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Black Women in the Ivory Tower, 1850–1954An Intellectual History$
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Stephanie Y. Evans

Print publication date: 2008

Print ISBN-13: 9780813032689

Published to Florida Scholarship Online: September 2011

DOI: 10.5744/florida/9780813032689.001.0001

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“A Plea for the Oppressed”

“A Plea for the Oppressed”

Educational Strivings, Pre-1865

Chapter:
(p.21) 1 “A Plea for the Oppressed”
Source:
Black Women in the Ivory Tower, 1850–1954
Author(s):

Stephanie Y. Evans

Publisher:
University Press of Florida
DOI:10.5744/florida/9780813032689.003.0002

Before the dawning of the Civil War, over 250 institutions offered college-level education however only a select few catered to black or women students. The most notable of them were Oberlin, Antioch, Wilberforce, Hillsdale, Cheyney, Lincoln, and Berea. This chapter discusses and explores the antebellum period and highlights the social conditions which the women faced in their quest for educational attainment. Before 1865, women, particularly black women, were subject to violent reprisals, racism, and discriminatory school policies. For instance, in 1833, mob violence destroyed the Prudence Crandall's school for black girls in Connecticut. In addition to racism and the increasing tightening access to intellectual development, the pervasive system of slavery also imposed a great challenge on the efforts of black women for intellectual democracy and access. While some women were successful in attaining education, they were indoctrinated into a specific knowledge and were often subjects of character assassination that degraded and stereotyped black women.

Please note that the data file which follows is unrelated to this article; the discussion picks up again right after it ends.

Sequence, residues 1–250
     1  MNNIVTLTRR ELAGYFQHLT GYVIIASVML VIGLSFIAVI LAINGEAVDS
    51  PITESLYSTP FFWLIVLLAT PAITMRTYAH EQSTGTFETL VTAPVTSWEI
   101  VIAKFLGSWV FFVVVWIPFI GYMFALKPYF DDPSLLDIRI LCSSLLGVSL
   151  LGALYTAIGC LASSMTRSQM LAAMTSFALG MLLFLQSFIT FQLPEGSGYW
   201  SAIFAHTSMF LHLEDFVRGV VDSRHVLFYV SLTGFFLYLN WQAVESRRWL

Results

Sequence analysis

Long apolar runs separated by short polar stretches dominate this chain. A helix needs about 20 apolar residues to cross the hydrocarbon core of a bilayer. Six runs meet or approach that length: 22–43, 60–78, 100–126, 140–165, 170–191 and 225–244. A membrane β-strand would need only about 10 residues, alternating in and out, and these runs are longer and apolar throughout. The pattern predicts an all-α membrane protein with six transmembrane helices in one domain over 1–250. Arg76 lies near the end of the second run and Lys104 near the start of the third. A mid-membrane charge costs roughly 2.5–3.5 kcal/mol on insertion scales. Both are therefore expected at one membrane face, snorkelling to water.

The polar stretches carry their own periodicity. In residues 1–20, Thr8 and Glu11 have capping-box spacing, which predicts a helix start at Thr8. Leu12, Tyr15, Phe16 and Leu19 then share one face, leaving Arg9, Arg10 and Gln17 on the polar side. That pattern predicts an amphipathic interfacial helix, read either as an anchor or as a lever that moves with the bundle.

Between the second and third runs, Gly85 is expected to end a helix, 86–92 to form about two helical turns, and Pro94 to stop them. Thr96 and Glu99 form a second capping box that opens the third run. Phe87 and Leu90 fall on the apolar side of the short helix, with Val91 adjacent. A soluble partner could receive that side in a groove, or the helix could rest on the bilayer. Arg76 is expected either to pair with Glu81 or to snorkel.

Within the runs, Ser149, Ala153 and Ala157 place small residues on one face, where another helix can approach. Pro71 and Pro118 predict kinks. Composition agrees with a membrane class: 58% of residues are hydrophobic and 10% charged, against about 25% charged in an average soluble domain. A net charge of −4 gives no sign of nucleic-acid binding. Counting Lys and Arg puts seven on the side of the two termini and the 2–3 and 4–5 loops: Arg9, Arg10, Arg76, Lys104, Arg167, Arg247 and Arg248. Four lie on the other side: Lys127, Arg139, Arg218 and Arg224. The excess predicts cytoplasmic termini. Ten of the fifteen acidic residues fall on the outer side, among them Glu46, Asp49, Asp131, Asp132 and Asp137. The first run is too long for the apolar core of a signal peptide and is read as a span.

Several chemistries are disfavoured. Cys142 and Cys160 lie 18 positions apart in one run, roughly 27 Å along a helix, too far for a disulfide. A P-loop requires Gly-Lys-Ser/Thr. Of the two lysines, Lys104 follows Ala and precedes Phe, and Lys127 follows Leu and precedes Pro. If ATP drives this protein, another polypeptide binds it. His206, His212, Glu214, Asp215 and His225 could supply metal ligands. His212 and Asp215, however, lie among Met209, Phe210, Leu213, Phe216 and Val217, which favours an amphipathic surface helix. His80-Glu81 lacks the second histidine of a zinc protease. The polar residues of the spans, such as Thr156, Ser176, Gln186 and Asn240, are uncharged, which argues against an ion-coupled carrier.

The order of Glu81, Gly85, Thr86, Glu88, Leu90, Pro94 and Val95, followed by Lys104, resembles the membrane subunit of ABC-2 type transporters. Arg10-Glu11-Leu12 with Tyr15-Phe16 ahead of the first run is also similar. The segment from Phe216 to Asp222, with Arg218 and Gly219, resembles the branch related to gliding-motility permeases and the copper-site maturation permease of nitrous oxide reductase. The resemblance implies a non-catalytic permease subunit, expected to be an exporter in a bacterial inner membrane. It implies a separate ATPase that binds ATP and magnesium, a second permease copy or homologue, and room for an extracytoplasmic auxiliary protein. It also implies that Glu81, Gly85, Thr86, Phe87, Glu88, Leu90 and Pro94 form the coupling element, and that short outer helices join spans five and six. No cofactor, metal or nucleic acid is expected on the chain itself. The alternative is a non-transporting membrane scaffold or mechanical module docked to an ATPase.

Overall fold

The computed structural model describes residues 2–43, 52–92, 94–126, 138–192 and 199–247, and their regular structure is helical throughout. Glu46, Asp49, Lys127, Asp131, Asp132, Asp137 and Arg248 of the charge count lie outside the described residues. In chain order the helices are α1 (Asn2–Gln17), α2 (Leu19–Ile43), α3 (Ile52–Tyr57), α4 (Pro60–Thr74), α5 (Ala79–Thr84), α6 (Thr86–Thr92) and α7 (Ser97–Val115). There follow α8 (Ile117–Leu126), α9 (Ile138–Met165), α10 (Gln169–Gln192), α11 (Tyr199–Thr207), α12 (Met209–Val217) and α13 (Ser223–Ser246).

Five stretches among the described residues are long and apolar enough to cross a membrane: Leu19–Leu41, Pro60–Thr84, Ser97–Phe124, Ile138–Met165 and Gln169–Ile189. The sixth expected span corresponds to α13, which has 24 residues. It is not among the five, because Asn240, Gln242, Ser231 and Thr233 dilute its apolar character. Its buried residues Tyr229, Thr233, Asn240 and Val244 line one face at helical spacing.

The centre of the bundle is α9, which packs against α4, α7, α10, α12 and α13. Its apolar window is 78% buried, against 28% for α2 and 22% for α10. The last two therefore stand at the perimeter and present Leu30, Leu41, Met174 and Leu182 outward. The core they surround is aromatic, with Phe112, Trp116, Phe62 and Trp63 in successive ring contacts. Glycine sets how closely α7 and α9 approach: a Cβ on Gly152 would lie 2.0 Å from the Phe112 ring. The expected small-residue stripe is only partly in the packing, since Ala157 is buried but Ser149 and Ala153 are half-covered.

Keywords:   Civil War, education, women students, social conditions, educational attainment, black women, racism, school policies, intellectual development, slavery

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